open meetings act

Jorge Sanhueza-Lyon/KUT News

From Texas Standard.

Mayors and city councils along the Gulf Coast didn’t have a lot of time to make decisions during Hurricane Harvey. The situation on the ground changed almost constantly as wave after wave of rain doused their cities. But some of those local officials say their response was impaired by a law meant to keep their communities better-informed: the Texas Open Meetings Act. It requires a certain amount of advance public notice before a meeting – something officials say slowed their decision-making during the storm. This week they brought those claims to the Texas Legislature.


It’s the end of a nine-year legal battle over a Texas law requiring government meetings to be open and accessible to the public.  Today the U.S. Supreme Court rejected an appeal that challenged the Texas Open Meetings Act

The Texas Municipal League argued the law violated free-speech rights, and that the punishments were too harsh: up to $500 fine and six months in jail for elected officials who deliberate together in secret. 

Nathan Bernier/KUT News

A bill filed in the Texas Senate Thursday would allow elected officials to hold discussions online instead of in person. It already has the support of two state leaders from two parties.

Right now, if elected officials discussed government matters online they’d be violating the Open Meetings Act. State Sen. Kirk Watson, a Democrat and former Austin mayor, wants to change that by letting elected officials legally meet in online chat rooms, if it’s shown live on the Internet and archived for the public.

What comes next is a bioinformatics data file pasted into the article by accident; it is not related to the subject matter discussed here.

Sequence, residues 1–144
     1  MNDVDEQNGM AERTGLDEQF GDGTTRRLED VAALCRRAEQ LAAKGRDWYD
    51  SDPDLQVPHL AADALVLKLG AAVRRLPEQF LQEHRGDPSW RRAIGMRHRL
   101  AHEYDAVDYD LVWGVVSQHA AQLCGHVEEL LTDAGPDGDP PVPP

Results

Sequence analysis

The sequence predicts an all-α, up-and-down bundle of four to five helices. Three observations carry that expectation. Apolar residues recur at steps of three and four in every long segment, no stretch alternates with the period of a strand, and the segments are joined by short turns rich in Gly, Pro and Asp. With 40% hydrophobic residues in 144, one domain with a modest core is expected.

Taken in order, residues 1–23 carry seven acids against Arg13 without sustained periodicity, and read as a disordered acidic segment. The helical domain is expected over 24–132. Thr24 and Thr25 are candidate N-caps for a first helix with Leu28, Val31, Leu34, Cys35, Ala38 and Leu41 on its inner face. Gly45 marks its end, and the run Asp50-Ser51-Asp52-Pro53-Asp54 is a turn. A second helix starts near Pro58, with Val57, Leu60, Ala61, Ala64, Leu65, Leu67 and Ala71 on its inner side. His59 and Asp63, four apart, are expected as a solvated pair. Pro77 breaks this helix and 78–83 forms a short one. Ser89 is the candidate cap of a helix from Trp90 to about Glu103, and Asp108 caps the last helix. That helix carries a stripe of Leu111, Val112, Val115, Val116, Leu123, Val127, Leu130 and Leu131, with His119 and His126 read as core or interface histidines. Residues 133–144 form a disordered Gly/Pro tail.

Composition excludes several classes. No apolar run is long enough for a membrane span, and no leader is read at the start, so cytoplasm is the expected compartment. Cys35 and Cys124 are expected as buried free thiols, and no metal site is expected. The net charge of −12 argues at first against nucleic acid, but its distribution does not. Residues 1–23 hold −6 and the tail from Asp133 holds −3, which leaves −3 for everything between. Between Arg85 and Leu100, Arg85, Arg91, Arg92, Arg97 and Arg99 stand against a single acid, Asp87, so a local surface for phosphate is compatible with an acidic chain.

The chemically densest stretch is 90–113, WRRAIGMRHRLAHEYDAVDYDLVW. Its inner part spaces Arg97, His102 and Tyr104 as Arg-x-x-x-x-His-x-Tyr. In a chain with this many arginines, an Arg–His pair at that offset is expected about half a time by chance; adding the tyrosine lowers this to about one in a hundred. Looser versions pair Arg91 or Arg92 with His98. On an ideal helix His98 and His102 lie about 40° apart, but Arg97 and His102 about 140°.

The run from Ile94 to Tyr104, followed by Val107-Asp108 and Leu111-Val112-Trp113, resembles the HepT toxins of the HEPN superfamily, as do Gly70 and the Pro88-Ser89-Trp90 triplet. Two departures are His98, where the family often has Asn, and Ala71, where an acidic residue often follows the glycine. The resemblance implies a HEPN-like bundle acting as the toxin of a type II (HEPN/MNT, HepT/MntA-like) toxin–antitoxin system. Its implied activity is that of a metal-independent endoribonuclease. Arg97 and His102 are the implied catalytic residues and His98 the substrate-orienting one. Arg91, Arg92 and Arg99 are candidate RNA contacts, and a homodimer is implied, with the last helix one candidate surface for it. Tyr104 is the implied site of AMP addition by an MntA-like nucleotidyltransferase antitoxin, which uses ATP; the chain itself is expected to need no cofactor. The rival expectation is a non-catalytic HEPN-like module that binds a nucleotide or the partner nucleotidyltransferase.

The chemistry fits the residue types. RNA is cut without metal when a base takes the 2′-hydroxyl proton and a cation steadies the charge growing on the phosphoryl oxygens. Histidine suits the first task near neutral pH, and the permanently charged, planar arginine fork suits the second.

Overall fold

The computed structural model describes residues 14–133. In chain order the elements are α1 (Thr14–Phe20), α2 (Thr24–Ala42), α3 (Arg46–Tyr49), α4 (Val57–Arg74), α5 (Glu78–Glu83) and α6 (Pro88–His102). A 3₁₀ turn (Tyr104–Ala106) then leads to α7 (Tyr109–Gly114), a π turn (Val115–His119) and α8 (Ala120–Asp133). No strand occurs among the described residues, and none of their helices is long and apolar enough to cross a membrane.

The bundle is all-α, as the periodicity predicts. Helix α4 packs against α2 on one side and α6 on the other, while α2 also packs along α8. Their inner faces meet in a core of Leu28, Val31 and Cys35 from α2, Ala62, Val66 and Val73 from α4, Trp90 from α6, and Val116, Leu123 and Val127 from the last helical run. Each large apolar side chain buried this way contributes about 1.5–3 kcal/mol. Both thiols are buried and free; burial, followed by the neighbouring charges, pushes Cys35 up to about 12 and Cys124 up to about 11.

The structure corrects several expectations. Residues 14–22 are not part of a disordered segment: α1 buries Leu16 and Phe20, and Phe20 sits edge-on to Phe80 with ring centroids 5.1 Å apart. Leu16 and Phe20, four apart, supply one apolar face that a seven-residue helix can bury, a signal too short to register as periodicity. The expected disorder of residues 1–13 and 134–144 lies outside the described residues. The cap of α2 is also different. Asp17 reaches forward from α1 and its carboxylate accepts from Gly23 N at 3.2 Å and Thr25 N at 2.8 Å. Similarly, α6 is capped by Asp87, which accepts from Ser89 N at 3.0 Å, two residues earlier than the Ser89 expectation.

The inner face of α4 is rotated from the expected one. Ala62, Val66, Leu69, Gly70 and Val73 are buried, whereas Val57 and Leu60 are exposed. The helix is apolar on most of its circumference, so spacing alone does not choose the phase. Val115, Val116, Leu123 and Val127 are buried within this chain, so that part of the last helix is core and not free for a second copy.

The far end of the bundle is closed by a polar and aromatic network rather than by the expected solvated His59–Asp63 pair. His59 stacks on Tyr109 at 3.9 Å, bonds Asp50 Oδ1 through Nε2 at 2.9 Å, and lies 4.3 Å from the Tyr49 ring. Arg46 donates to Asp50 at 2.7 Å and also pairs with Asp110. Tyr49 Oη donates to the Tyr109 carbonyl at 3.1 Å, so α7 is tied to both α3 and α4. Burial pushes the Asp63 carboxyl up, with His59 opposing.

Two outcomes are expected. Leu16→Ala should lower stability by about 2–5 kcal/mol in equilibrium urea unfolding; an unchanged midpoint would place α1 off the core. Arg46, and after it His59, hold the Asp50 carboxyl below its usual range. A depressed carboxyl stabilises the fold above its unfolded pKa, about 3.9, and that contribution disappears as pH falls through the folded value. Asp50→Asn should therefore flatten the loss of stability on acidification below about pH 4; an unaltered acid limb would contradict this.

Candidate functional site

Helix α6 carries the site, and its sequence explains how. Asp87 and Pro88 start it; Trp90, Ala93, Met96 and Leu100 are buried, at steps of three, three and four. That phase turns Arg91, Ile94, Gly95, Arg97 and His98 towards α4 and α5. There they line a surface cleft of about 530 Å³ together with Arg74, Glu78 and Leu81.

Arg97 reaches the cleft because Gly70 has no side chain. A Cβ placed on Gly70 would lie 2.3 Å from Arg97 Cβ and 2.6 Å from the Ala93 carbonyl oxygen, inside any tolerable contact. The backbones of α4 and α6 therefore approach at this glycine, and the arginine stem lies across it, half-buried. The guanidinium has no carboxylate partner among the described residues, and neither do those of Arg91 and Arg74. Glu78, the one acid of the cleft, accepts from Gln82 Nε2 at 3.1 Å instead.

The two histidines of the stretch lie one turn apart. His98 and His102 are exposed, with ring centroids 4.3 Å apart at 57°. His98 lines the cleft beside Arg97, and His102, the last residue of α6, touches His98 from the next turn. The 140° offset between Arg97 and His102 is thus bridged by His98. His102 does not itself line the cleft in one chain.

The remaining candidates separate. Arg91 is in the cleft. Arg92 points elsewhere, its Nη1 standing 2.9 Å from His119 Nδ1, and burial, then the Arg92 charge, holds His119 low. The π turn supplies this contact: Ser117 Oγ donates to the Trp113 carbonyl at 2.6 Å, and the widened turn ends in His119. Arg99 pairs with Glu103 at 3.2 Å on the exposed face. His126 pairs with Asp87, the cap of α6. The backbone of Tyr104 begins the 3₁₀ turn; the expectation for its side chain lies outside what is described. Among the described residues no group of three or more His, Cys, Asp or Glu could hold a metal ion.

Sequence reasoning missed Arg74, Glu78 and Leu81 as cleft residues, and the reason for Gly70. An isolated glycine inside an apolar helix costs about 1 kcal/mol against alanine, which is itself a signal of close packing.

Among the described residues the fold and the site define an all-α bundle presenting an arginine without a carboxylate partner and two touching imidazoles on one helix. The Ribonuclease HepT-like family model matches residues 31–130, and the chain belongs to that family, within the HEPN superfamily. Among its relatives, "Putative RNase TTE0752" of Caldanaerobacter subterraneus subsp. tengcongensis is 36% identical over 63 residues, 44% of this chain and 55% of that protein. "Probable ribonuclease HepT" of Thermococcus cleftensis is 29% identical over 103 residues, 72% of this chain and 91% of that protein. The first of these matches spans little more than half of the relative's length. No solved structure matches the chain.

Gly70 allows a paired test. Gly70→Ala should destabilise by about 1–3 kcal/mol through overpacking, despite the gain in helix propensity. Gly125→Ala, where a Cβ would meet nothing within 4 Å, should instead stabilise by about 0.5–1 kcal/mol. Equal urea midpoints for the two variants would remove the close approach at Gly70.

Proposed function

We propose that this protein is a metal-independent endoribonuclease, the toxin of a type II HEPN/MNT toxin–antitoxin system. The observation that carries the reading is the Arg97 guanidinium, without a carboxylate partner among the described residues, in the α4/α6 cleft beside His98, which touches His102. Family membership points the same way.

KUT News

Some members of the Austin City Council will avoid prosecution for alleged violations of open meetings laws.

On Wednesday, the Travis County Attorney’s Office said it finished its investigation into a nearly two-year-old complaint that council members deliberated among themselves in ways that may violate government transparency laws.

Nathan Bernier, KUT News

A federal appeals court is upholding a Texas law aimed at government transparency.

A group of city officials from across Texas had challenged the Texas Open Meetings Act, saying it violates their free speech rights. The law requires public officials to post notices and agendas for their meetings and restricts how officials can meet with each other to discuss public business.

The ruling today from the Fifth Circuit Court of Appeals upholds a lower court ruling that found the law is constitutional and does not improperly limit elected officials speech.